- Why EFS?
- Article about EFS
- Past Participants
- Program Flier
- Environmental Studies Program
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Environmental Field Semester
At a Glance
- Professor Brian Donahue
- Adjunct Faculty Michael Harrity
- Hannah Ramer
- Emily Silver
- Fall 2012 (August 30 - December 21)
- 20 credits
- Program Flier
- Refer to "Quick Links" in the right sidebar for more information
OverviewThe Environmental Field Semester (EFS) is an integrated, 20-credit program offering that explores the history, ecology, conservation and stewardship of land in New England. A small group of students will be team taught in a single, coherent program that includes guided field research, numerous field trips and engagement with community organizations.
EFS will give students intensive experience in the stewardship of land and natural resources, using conservation land in Weston as a living laboratory. In the process students will gain an in-depth understanding of the history, ecology, laws and politics behind how land is used. They also will begin to master skills in research, writing, Geographic Information System, inventory methods, field and archival historical research, and presentation and management that make for effective environmental protection and sustainable engagement at the community level.
Field WorkThroughout the semester students will engage in coordinated group projects involving parcels of conservation land in Weston. Working in small teams they will explore land use history, conduct ecological inventories and design stewardship and education plans. They will work closely with community organizations such as the Weston conservation commission and school department. EFS features many field trips. The semester will begin with a canoe trip up the Charles River in Waltham and a hike across Weston. The second weekend of the semester will feature a three-day trip to western Massachusetts to study regional biodiversity, stopping off at Harvard Forest to introduce students to the history of land use in New England.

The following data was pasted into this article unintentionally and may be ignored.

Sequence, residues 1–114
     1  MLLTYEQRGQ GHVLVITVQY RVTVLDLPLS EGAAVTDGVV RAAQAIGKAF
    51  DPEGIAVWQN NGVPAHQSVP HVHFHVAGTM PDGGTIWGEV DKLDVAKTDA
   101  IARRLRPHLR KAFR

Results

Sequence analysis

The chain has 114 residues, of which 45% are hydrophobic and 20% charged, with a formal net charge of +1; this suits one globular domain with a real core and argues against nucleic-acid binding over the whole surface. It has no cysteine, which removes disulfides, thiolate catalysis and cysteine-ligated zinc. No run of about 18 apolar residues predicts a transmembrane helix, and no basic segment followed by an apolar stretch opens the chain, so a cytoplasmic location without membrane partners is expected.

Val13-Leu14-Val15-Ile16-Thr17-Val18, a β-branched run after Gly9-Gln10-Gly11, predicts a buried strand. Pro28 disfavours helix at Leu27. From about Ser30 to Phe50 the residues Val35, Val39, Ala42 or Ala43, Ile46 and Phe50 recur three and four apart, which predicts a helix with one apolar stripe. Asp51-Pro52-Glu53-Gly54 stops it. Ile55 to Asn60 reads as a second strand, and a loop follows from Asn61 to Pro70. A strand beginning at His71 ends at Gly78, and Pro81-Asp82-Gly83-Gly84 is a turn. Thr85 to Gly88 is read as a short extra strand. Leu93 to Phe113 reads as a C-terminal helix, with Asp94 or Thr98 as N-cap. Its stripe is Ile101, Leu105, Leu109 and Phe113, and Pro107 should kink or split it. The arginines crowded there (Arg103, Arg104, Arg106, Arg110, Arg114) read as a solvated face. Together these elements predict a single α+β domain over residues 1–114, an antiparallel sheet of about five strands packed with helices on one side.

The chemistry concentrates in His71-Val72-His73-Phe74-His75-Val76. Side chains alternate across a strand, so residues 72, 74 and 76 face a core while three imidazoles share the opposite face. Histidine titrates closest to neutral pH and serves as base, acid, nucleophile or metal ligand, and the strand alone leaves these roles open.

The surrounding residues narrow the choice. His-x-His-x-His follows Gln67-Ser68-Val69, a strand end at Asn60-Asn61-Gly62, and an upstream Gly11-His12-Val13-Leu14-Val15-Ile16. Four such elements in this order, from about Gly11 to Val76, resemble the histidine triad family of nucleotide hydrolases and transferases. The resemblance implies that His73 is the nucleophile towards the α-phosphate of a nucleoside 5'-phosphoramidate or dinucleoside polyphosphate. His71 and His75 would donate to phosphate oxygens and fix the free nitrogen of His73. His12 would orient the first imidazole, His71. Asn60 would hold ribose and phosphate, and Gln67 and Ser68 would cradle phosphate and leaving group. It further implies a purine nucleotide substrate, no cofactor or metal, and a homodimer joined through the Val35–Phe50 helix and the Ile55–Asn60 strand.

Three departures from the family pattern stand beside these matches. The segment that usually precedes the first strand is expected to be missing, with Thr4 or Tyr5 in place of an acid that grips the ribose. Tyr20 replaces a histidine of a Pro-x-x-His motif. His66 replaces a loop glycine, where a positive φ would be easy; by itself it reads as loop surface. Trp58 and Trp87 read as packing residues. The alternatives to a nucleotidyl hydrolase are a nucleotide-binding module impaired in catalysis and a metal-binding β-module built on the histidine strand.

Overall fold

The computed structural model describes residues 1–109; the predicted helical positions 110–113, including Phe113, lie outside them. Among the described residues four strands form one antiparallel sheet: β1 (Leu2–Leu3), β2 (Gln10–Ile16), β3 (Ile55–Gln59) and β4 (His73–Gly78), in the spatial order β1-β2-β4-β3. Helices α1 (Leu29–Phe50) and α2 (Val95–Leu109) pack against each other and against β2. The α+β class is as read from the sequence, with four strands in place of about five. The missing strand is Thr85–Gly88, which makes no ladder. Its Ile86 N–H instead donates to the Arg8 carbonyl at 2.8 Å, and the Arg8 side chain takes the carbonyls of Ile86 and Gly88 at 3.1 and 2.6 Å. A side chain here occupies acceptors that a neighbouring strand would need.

In October, a five-day trip to northern Vermont will let students explore old-growth forests, relict glacial bogs, large-scale forest conservation, sustainable forestry, sustainable farming and more land use history.
Other destinations will include Appleton Farms and Crane Beach in Ipswich, Minute Man National Historical Park in Concord, downtown Boston’s Charles River and Harbor and the Food Project in Dorchester. These field trips are essential to give students a full grasp of the larger urban, rural and natural contexts surrounding suburban conservation issues in New England.
Afternoon sessions will be devoted to field trips to local sites that illustrate particular aspects of ecology, conservation and land stewardship. These trips help students learn to identify the trees that comprise our forests and to read the land use history of the landscape.
One afternoon each week will be spent at Land's Sake community farm in Weston, giving students direct experience in the actual tasks of sustainable food and wood production. Activities will include cultivating and harvesting crops, maintaining trails and splitting and stacking firewood.
EFS will include weekly farm lunches along with several dinners that feature local, seasonal foods.
Along with communication skills in effective writing and public presentation, students will write detailed reports based off of their field work, and at semester's end, will present their findings at a forum for members of the Brandeis and Weston communities.